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[Win32, C, and way OT] C floats, doubles, and their equivalence

by syphilis (Canon)
on Jul 18, 2009 at 15:43 UTC ( #781347=perlquestion: print w/ replies, xml ) Need Help??
syphilis has asked for the wisdom of the Perl Monks concerning the following question:

Hi,
It doesn't get much more OT than this.
The demo C program:
#include <stdio.h> int main(void) { double nv = 2.0 / 3; float foo = 2.0 / 3; /* Need to do stuff here that ensures that what follows below outputs "False True" */ if(foo == nv) printf("True "); else printf("False "); if(foo == (float)nv) printf("True\n"); else printf("False\n"); return 0; }
Afaict, with any sane C compiler (including MSVC++ 8.0, MSVC++ 9.0, MinGW port of gcc-3.4.5, and gcc-3.2.2 on linux) that program will output "False True".
But with versions of MSVC++ prior to version 8.0, it outputs "False False".

I'm wondering if anyone knows of a workaround that will enable the correct output of "False True" with those earlier versions of MSVC++.

I posted this to comp.os.ms-windows.programmer.misc, and then realized that most posts there now go unanswered and that mine was the first post there in over 5 weeks ... I'm not at all hopeful of a useful response on that forum. Alternatively, if someone knows of a site where this subject is *not* OT, and where there's a good chance of an informed response, then that might also be helpful to me.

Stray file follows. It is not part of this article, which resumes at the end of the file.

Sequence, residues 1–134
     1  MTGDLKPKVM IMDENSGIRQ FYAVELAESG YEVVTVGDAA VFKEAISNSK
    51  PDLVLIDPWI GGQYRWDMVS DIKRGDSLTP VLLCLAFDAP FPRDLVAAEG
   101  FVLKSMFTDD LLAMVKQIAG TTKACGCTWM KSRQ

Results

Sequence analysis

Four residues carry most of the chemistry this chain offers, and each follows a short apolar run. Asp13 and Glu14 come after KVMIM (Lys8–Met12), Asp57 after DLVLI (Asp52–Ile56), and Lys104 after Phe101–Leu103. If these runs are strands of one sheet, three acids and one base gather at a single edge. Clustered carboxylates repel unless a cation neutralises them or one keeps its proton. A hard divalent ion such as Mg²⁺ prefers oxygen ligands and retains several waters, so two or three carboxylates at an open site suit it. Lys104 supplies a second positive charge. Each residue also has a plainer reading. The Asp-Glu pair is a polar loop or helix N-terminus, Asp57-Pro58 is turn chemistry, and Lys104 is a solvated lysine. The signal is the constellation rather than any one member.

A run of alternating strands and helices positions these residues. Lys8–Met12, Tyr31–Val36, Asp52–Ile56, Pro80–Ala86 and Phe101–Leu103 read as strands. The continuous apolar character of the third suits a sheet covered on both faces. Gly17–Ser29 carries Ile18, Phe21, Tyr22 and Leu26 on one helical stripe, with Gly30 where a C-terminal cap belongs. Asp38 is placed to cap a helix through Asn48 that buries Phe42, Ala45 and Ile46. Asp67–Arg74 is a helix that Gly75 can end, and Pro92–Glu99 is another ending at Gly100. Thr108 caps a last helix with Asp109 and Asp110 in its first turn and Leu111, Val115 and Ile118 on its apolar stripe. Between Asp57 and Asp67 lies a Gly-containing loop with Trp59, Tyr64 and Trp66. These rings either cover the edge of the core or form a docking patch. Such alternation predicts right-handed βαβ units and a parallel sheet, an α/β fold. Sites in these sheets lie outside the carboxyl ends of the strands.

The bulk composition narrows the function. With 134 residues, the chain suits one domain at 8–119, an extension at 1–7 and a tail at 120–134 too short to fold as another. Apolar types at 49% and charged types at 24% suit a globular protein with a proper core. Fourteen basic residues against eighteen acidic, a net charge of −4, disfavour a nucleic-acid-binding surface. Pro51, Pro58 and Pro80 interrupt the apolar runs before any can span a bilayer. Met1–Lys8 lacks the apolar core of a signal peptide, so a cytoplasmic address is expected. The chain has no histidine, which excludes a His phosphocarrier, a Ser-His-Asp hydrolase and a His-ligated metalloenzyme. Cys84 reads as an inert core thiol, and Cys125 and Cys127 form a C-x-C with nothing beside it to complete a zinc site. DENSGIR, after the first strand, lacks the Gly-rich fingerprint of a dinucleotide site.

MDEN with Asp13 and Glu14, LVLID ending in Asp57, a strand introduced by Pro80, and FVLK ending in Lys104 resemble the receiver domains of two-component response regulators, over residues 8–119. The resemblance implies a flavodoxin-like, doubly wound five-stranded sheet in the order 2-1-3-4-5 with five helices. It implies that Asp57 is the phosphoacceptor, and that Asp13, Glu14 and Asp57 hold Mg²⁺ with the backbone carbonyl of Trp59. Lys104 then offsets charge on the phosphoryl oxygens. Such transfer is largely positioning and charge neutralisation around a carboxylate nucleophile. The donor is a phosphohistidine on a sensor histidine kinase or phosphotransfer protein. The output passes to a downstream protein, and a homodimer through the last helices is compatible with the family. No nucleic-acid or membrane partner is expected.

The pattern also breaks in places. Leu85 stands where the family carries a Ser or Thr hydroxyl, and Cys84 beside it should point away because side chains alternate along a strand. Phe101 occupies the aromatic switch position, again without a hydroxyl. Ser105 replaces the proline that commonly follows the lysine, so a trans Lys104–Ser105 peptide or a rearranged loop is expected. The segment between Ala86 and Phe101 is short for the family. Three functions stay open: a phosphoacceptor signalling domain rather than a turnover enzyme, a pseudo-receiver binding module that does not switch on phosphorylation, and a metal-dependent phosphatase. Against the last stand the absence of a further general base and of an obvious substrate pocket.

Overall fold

Cheers,
Rob

PS For anyone interested, it's not hard to create a script that is essentially the same yet produces the reverse output of "True False". (Again, this applies only to MSVC++ prior to version 8.0.) :
#include <stdio.h> int main(void) { double nv = 2.0 / 3; float foo = nv; /*The only change*/ if(foo == nv) printf("True "); else printf("False "); if(foo == (float)nv) printf("True\n"); else printf("False\n"); return 0; }
But that doesn't help me to solve my problem at all.
My problem is that this bug (as presented in the first script) is stuffing up one particular aspect of PDL when PDL is built using MSVC++ versions that pre-date version 8.0 - and that's what I'm trying to fix.

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Re: [Win32, C, and way OT] C floats, doubles, and their equivalence
by ig (Vicar) on Jul 18, 2009 at 15:53 UTC

    Not a solution, but What Every Computer Scientist Should Know About Floating Point Arithmetic may help you understand what is happening and how to code to avoid the problems.

    update: there are many surprising/disappointing features in floating point hardware and software. If you dump the internal representations of the values in your program, you might discern what is happening. I would consider whether values are rounded or truncated when converted from double to float, for example. It appears to be handled differently in the different contexts in your program. If you know what the conversion is doing, you should be able to test and make appropriate adjustments so that the result of the conversion is what you want. Alternatively, you might use a well defined/implemented function to perform the conversion rather than relying on the compiler built-in function.

      I don't think it helps ... unless I've missed something in there.